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So Let's dive in.
Let's have a look at the logical flow of AutoBill.
Edge Impulse is one of the leading development platforms for machine learning on edge devices, free for developers and trusted by enterprises. Here we are using machine learning to build a system that can recognize the products available in the shops. Then we deploy the system on the Raspberry Pi 3B.
To make the machine learning model it's important to have a lot of images of the products. When training the model, these product images are used to let the model distinguish between them. Make sure you have a wide variety of angles and zoom levels of the products which are available in the shops. For the data acquisition, you can capture data from any device or development board, or upload your existing datasets. So here we are uploading our existing datasets.
For uploading, just moves on to the Data acquisition tab and just choose a file. Then label it and upload it to the training section. The Edge Impulse will only accept either JPG or PNG image files. If you have any other format, just convert it to JPG or PNG format with the online converters.
So we uploaded all the data with the four different labels such as Apple Lays, and Coke. So the system will only identify these objects when checking out. If you want to recognize any other objects other than these you need to upload the dataset of them. Here we uploaded around 40 images for each object. Neural networks need to learn patterns in data sets, and the more data the better
The labeling queue shows you all the unlabeled data in your dataset. Labeling objects is as easy as dragging a box around the object, and entering a label. To make the life a bit easier we try to automate this process by running an object tracking algorithm in the background. If you have the same object in multiple photos we thus can move the boxes for you and you just need to confirm the new box. After dragging the boxes, click Save labels and repeat this until your whole dataset is labeled.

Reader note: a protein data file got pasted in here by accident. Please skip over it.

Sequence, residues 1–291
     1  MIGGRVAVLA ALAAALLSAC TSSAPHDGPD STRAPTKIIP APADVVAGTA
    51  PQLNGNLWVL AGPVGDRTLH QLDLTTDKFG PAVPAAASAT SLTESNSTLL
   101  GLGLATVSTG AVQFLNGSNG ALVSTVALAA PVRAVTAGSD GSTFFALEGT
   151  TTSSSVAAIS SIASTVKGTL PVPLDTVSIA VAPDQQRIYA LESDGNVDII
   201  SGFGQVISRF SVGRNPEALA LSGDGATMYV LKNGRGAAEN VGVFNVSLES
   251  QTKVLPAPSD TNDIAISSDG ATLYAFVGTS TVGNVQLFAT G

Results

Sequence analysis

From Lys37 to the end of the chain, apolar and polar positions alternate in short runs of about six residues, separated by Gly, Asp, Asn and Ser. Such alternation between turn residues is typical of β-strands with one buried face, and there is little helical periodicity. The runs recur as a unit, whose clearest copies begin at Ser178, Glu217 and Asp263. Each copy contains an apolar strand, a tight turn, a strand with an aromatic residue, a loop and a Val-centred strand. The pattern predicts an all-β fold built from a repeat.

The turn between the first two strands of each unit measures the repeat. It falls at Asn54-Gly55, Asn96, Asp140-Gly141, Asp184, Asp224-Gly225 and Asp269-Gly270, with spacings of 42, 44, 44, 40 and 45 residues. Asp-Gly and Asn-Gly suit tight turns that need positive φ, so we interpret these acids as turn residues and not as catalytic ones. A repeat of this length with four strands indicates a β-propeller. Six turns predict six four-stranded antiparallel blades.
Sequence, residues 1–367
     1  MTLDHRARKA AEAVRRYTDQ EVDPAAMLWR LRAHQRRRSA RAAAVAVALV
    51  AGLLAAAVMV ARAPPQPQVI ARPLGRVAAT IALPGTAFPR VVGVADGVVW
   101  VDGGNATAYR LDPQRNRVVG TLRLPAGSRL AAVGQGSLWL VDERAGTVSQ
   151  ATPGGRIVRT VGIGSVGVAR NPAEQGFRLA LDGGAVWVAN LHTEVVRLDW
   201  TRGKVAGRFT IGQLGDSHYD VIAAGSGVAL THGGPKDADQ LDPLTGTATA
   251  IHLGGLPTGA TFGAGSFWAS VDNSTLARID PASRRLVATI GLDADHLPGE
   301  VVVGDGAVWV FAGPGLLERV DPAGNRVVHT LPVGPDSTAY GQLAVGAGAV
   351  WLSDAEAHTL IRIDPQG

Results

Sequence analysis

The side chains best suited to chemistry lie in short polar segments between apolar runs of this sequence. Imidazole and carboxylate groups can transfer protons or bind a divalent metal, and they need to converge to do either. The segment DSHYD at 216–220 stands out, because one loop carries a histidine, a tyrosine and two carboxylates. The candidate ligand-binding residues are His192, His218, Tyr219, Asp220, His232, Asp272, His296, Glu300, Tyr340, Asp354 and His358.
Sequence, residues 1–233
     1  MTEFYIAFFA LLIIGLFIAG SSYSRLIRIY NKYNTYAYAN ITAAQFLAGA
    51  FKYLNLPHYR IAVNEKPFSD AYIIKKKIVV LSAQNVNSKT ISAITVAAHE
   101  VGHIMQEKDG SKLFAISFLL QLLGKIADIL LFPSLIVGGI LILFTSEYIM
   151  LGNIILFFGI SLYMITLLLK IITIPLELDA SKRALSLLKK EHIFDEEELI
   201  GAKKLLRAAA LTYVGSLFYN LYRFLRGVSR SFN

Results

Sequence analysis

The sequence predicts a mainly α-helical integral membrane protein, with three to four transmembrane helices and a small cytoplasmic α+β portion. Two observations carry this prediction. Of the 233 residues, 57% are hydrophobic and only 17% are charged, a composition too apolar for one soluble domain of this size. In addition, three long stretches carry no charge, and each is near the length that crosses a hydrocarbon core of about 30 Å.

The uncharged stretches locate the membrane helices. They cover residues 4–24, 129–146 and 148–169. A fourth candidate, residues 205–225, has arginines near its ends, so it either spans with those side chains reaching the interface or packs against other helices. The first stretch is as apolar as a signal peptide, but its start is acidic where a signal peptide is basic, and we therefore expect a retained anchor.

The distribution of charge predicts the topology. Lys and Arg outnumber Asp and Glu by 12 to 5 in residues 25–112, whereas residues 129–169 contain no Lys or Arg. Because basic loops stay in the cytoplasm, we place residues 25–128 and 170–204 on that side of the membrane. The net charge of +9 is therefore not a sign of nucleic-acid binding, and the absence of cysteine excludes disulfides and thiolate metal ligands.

Designing an Impulse
With the training set in place, you can design an impulse. An impulse takes the raw data, adjusts the image size, uses a preprocessing block to manipulate the image, and then uses a learning block to classify new data. Preprocessing blocks always return the same values for the same input (e.g. convert a color image into a grayscale one), while learning blocks learn from past experiences.
For this system, we'll use the 'Images' preprocessing block. This block takes in the color image, optionally makes the image grayscale, and then turns the data into a features array. Then we'll use a 'Transfer Learning' learning block, which takes all the images in and learns to distinguish between the two ('coffee', 'lamp') classes.
In the studio go to Create impulse, set the image width and image height to 96, the 'resize mode' to Fit shortest axis, and add the 'Images' and 'Object Detection (Images)' blocks. Then click Save impulse.
Then in the image tab, you can see the raw and processed features of every image. You can use the options to switch between 'RGB' and 'Grayscale' mode, but for now, leave the color depth on 'RGB' and click Save parameters.
This will send you to the Feature generation screen. In here you'll:
- Resize all the data.
- Apply the processing block on all this data.
- Create a 3D visualization of your complete dataset.
Click Generate features to start the process.
Afterward the 'Feature explorer' will load. This is a plot of all the data in your dataset. Because images have a lot of dimensions (here: 96x96x3=27648 features) we run a process called 'dimensionality reduction' on the dataset before visualizing this. Here the 27648 features are compressed down to just 3, and then clustered based on similarity. Even though...Read more »